Old man winter is knocking at the door and he might be bringing radon with him. In homes that are located in cold weather environments, radon levels can be a greatly increased during colder months. This often-overlooked issue with radon gas is potentially one of radon’s greatest threats.
If you are like me, you hunker down for the cold months. When not at work, you tend to spend more time in the house enjoying a book, catching your favorite sports event or watching a movie. The house is our safe haven from the harsh weather outside. But is it really that safe? Radon levels in many homes tend to be higher during the winter months. Here are a few of the reasons why:
1. Greater stack effect can draw more radon into the home. During the winter, stack effect tends to be greater as the warm air within the house rises and escapes to the colder air outside. As air escapes, the house has to replace the air to equalize pressure. Many houses get new air through drafty doors and windows. Houses also get new air from the soil they are built upon. The air from the soil can be pulled in through cracks in the concrete, plumbing pipe penetrations, sump pump pits, floor drains, crawlspaces and any other areas that have contact with the soil. This new air that enters can contain radon gas.
2. Greater concentrations of radon can enter the home during winter months. Radon enters the home from the soil below it but more radon escapes through the soil around the home and dilutes into the fresh outdoor air. During winter months, in cold climates, the ground in our yards can freeze and be covered with a layer of snow. This creates a blanket effect that can trap radon in the soil around the house. Since less radon in the soil is able to escape through the frozen ground in the yard, the house may be pulling in higher concentrations of it.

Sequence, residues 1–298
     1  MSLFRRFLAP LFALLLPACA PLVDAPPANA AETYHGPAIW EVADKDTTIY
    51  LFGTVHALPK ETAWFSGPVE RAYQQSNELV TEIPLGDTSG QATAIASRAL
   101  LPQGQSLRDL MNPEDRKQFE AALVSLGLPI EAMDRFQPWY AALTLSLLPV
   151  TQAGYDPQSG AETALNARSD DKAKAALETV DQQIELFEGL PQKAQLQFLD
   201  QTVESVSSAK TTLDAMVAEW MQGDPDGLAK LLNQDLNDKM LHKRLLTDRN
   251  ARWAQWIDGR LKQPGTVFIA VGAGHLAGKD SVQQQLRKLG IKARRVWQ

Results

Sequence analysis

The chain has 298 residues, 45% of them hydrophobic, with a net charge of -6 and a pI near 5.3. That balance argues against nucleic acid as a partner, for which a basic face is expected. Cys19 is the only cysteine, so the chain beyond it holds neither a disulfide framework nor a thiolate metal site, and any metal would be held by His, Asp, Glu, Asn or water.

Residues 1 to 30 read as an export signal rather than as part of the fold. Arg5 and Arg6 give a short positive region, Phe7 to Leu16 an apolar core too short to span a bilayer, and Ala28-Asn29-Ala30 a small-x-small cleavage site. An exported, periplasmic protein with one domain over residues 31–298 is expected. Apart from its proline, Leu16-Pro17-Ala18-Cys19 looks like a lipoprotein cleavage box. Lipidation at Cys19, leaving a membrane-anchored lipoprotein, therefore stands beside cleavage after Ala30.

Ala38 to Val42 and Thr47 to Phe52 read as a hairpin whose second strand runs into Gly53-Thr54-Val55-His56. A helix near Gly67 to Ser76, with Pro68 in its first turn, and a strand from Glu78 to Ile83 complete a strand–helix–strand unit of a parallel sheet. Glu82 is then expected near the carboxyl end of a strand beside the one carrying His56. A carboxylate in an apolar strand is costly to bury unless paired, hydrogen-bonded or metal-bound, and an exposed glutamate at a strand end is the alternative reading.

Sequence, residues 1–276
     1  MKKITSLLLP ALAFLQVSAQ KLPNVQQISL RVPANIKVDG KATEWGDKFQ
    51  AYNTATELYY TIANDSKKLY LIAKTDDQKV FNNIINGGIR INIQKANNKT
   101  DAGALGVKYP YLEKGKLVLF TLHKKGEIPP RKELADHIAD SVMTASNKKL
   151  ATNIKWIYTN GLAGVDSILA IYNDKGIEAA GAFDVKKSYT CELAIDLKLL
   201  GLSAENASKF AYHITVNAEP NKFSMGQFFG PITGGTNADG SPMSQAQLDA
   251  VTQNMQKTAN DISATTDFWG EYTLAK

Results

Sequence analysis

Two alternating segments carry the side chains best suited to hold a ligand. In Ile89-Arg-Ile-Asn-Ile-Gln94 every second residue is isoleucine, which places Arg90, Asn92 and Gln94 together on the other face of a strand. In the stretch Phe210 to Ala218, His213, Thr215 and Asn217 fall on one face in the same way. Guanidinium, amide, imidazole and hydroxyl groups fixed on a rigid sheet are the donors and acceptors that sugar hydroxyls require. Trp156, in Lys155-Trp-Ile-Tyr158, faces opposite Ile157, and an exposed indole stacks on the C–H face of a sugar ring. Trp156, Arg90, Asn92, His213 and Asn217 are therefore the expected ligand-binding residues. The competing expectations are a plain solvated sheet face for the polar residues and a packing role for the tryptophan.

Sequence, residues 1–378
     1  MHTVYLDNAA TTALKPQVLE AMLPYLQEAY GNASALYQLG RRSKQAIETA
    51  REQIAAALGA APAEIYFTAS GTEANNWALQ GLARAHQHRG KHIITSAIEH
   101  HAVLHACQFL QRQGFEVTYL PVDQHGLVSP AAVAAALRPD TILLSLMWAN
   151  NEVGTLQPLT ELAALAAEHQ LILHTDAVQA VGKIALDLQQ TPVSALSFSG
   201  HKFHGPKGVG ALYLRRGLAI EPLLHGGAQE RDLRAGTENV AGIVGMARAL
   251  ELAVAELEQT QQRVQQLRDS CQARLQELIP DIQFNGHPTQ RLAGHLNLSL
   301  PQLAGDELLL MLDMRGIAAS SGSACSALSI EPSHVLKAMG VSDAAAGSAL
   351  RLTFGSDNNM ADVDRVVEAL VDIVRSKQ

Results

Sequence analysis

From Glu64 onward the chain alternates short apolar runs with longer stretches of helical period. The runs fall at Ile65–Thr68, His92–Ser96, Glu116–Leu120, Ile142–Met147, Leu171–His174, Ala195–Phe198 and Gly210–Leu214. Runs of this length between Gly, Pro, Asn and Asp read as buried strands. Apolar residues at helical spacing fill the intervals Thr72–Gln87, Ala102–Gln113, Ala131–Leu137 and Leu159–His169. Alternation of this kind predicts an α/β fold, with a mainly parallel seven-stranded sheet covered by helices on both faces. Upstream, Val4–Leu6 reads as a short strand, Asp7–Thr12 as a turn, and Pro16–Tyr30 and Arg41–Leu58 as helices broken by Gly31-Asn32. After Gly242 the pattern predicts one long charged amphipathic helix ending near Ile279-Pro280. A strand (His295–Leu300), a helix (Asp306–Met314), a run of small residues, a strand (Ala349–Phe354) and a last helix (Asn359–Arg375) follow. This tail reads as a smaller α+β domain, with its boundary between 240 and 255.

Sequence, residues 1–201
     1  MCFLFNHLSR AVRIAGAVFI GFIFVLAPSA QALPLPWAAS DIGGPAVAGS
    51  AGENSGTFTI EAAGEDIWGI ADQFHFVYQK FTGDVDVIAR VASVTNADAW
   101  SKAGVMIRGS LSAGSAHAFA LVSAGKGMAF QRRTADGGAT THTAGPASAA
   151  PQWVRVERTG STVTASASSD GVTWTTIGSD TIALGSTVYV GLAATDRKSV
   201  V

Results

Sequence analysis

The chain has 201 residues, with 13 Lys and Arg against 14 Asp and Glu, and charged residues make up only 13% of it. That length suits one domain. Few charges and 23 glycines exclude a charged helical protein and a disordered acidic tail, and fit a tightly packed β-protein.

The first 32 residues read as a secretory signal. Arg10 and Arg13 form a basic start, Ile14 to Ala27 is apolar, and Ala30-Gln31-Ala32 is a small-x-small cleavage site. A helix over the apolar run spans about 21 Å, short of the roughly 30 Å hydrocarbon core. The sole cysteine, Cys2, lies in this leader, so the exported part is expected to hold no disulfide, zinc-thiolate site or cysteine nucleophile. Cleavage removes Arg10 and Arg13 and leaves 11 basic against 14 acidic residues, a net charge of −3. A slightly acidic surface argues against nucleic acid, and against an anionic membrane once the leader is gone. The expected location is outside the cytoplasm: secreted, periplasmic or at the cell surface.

3. Closed house conditions during the winter can keep radon gas levels from being diluted by fresh air. During warmer months some dilution can occur when you open the windows to bring fresh air in. During the winter the windows are usually shut to keep the house warm which can effect the concentration of radon in the house. Note: Opening windows can have the opposite effect by increasing the home’s stack effect and therefore pulling more radon in.
Why do I think this is one of radon’s greatest threats?
I have met many people who base their home’s radon level off of one single radon test result. Often times this test was performed a long time ago and the actual test report has gone missing. Many times, the radon test was performed by the home inspector during their real estate transaction and all they were told was that they “passed.” Many people may be living with radon levels that are significantly higher than what that single radon test had told them because of factors like seasonal variations. I believe that there are too many people who are living with the false sense of safety that they have low radon levels when in reality, they could be breathing high radon throughout half of the year.
If you have tested for radon in your home using a short-term radon test kit and the results came back under the EPA action level, consider performing another radon test during the opposite season that the original was performed. The best way to understand your true radon exposure is to perform a long-term radon test that samples the air throughout all the seasons.
Most importantly, don’t think that you are safe from radon based upon the results of a single radon test that may have been performed during a time of year when radon gas levels were naturally low. If you have high radon levels during any season consider radon mitigation to reduce the levels. Radon mitigation can reduce radon levels consistantly throughout the year to eliminate any seasonal variation.